*(ii) Power Factor Correction (Inner Current Loop)*. We seek a law control of sliding-mode type. For the PV system connected to the single-phase grid represented by the average model of (3a)–(3c) and (5a), the sliding-mode control which ensures that the error tends asymptotically to zero in finite time can be written as follows:To design this controller, one defines the sliding surface:where is the relative degree of the system, and is the error between the signal and its reference . The surface is given byConsider the first derivative ofThe command appears in the first derivative of the sliding surface. Then the equivalent command is deduced from of invariance of the surface . One obtained

To elaborate the discontinuous control, consider the following Lyapunov function candidate:Its dynamics are given byDifferentiating with respect to time, using (42) and (45), the dynamics of the Lyapunov function are written asMoreover, (48) shows that, to ensure the stability of the closed-loop system, a choice for is of the formThe choice of (49) guarantees the negativity of the dynamics of Lyapunov function, sowhere is positive parameter and is the sign function defined as follows:The overall law is given byIn order to minimize the chattering effect generated by the discontinuity of the function at the point zero, we propose replacing in the previous control laws (31) and (52) this function by the modified function, namely, which is closer to the function but it is continuous especially at the point zero. The real positive constant is selected sufficiently small to better approach the function .

Figure 3 shows that, for smaller values of , the function behaves close to a function . Figure 4 depicts the errors between and , which shows that the error decreases for small values of .

*(iii) DC Bus Proportional-Integral Control (Outer Voltage Loop)*. The objective of this loop is to generate the signal *β* so that the square of the DC bus voltage is regulated to a reference value . Considering the fact that *β* and its time derivatives should be available, a filtered control law of type PI is retained; namely,withwhere “*s*” denotes the Laplace variable and are any positive real constants.

#### 4. Simulation

In this section, the controller that has been designed in the above section using output nonlinear feedback technique will be tested. The simulation results have been obtained under normal conditions ( w/m^{2}; °C) and other different conditions. The whole system (power system and controllers) is simulated with the numerical values of Tables 2 and 3. The parameters of the controllers are determined based on the desired specifications of the closed-loop system. In this paper, the controller parameters are designed so that the current control loop has much faster response than that of the DC-link voltage control loop. In this work the value is used.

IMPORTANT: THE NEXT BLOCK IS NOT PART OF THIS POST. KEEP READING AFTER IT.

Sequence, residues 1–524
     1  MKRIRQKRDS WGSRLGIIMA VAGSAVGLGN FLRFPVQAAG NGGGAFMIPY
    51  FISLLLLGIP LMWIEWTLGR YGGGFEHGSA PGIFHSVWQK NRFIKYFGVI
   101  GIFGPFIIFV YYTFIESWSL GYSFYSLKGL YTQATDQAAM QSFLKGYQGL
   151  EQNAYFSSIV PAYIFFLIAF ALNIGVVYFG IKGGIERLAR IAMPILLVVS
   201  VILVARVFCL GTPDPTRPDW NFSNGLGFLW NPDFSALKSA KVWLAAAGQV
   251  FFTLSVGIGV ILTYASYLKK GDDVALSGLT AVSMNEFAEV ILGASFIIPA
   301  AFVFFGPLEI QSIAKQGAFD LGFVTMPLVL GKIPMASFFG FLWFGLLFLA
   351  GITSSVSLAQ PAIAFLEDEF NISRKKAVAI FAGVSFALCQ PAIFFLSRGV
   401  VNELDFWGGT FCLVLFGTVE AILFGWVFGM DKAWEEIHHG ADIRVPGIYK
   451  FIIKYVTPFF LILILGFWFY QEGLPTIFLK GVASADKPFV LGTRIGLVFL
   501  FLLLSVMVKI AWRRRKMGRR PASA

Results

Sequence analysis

##### 4.1. Tracking Performance in the Presence of Meteorological Constant

Figures 5–17 show the results of simulation, which are selected to demonstrate the most significant aspects of the PV system grid-connected behaviour. Figure 5 shows that the observers do well. Also, Figures 5(a)–5(e) show that the estimated state provided by the observers converges rapidly due to its true values.

**(a)**

**(b)**

**(c)**

**(d)**

**(e)**

Figure 6 shows the grid current spectrogram, where the THD value of this current is very low equal to 1.37%, which is still below the international standards. The performances of the grid adaptive observer are illustrated by Figures 7–10. Indeed in Figures 7 and 8 it is observed that the estimated parameters and , provided by the grid adaptive observer, converge rapidly to their true values, respectively, and after a short transient phase. Figures 9 and 10 show that the estimated signals of the grid current and of the grid voltages converge, respectively, to their true values and .

Figure 11 illustrates the response of the PV voltage in standard climatic conditions. It can be clearly seen that, in steady state, the PV generator provides the maximal power, which is equal to 250 V. Figure 12 presents a view of the injected current in the grid with its reference; as it is seen in the figure that the current follows its reference with error nearly 0. Figure 13 shows the regulation of the DC-link voltage. As shown in the figure, the voltage is maintained at a constant level (650 V). Consequently, the real power extracted from the PV generator can be totally transferred to the grid. In the last figure, Figure 14 shows the current injected to the grid. As can be seen in this figure, the current and the grid voltage are in phase and sinusoidal. As a result, a unit power factor is achieved.